Mexico on Tuesday declared a state of emergency after an outbreak of bird flu killed more than 200,000 chickens and other poultry since it was reported last month, and 600,000 more sick birds have been destroyed.
The H7N3 flu was found in two areas in the western state of Jalisco, according to Mexico’s Ministry of Agriculture. The ministry, which is known as Sagarpa, said, “These farms have been quarantined and isolated,” and the situation was declared a national animal health emergency on Monday.
In all, 1.7 million birds have been infected with the virus, the ministry stated. The outbreak was first reported on June 20.
Authorities said they are working quickly to try to contain the avian flu outbreak, adding that it does not pose any risks to humans. It said that “eradication measures” have been implemented to protect poultry and egg production in Jalisco.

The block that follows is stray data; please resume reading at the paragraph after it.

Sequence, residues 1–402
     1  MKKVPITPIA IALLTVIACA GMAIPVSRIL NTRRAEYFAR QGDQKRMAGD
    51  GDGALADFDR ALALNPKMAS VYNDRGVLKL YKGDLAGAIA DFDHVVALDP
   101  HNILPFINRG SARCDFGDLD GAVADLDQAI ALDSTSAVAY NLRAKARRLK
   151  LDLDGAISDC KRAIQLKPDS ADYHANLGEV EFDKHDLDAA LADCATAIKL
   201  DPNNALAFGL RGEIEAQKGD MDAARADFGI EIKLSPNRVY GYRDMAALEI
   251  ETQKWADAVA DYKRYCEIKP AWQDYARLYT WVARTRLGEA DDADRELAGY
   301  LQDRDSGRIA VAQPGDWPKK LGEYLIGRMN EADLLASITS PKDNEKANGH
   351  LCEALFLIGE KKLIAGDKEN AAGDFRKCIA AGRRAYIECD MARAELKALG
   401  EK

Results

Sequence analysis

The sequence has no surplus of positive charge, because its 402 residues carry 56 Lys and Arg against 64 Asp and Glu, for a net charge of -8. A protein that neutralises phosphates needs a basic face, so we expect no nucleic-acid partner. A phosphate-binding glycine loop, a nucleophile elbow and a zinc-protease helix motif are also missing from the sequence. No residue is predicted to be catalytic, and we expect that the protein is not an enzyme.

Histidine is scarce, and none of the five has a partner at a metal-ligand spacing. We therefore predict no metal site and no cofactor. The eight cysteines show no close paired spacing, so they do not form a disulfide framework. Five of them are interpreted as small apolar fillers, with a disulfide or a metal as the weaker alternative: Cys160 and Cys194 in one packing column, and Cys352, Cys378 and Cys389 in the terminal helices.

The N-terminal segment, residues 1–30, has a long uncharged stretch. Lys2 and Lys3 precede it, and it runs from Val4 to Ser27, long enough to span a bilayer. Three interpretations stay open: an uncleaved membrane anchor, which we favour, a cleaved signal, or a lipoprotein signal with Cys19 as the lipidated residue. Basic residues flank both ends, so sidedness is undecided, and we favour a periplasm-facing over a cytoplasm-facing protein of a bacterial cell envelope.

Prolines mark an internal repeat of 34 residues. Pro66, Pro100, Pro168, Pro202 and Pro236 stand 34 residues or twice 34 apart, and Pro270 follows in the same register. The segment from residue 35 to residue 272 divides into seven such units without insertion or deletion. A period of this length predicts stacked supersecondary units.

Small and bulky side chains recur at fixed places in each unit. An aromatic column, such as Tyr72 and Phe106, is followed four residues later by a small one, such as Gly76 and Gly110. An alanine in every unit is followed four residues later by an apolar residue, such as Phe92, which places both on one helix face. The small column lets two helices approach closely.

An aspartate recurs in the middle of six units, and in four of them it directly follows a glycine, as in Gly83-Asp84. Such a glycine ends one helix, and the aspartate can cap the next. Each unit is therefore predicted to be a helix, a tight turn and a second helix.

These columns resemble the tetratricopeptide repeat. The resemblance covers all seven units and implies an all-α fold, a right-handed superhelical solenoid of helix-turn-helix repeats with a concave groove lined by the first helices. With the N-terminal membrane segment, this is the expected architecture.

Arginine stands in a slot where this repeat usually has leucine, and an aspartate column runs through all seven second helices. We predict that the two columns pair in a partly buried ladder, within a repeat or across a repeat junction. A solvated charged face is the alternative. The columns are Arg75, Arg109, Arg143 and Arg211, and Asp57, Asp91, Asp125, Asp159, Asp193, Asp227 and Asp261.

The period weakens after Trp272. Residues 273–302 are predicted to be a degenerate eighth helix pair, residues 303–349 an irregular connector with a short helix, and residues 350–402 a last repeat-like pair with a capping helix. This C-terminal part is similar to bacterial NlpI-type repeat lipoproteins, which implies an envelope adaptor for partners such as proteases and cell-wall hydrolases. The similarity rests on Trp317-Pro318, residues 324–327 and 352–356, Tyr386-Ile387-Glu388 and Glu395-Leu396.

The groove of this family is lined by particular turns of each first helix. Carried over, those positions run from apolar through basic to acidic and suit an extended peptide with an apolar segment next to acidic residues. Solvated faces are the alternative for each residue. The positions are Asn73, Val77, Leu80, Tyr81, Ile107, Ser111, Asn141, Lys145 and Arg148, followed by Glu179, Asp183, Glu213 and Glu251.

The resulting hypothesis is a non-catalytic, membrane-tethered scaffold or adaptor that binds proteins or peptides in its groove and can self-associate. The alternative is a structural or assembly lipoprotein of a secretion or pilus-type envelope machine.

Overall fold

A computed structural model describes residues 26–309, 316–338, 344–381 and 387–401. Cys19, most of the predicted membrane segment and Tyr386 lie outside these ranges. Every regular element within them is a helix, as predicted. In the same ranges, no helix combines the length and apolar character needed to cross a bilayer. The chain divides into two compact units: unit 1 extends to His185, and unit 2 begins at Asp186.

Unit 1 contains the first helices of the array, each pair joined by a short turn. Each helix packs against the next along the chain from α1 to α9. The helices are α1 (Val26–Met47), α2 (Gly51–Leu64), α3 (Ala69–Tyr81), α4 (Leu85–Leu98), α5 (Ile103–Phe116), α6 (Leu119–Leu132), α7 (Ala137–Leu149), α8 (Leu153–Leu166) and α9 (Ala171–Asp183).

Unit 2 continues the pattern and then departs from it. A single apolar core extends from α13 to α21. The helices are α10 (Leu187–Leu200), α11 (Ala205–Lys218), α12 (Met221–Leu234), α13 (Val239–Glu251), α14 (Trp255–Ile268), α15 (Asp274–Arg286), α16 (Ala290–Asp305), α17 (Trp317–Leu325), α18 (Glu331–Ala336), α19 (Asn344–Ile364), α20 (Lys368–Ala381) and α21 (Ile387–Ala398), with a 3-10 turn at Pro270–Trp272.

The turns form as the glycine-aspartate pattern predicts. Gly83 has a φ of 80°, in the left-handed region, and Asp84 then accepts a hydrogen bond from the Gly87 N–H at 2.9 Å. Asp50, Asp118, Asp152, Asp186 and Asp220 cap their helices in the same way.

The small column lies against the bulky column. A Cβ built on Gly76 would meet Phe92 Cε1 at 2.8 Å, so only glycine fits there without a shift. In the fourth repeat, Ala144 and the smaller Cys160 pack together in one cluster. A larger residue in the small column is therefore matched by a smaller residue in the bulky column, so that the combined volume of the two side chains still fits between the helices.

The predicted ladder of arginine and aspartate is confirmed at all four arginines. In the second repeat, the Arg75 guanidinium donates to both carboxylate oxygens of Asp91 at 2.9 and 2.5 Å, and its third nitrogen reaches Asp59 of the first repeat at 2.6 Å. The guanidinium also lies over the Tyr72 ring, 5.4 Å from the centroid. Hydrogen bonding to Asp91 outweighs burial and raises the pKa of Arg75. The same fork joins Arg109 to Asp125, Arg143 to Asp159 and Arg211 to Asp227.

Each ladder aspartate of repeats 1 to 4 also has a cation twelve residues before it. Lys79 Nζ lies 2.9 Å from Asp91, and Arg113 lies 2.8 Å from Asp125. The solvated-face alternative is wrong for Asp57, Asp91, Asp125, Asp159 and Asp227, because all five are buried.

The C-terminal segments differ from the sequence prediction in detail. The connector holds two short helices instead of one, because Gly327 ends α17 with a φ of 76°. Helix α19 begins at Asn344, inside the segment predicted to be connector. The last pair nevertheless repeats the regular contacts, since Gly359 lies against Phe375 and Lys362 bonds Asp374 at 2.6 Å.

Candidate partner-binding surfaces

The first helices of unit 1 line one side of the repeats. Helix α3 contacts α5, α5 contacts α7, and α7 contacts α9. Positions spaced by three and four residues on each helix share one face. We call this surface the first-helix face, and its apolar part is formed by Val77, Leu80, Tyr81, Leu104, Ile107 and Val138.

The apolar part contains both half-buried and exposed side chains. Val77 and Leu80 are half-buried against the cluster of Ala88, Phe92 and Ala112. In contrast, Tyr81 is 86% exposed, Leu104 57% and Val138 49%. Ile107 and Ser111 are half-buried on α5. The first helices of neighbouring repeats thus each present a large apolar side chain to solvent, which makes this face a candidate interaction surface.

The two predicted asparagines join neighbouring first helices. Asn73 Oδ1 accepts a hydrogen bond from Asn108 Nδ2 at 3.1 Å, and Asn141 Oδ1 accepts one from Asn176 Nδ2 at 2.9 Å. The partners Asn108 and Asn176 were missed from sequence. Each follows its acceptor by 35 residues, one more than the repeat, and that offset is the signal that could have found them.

The United Nations’ Food and Agriculture Organization confirmed that there is an outbreak of avian flu. It added that the H7N3 is “very aggressive” in poultry.
Mexican officials examined nearly 150 farms in Jalisco, which is considered one of the main agriculture states in the country, and said the virus was discovered in 10.
Health officials are especially wary in Mexico after the H1N1 virus, also known as swine flu, broke out in 2009.
The last outbreak of highly pathogenic avian flu in Mexico, the H5N2 subtype, took place in 1994 and since then, the specific disease has been tightly controlled, according to U.N. figures.
The Epoch Times publishes in 35 countries and in 19 languages. Subscribe to our e-newsletter.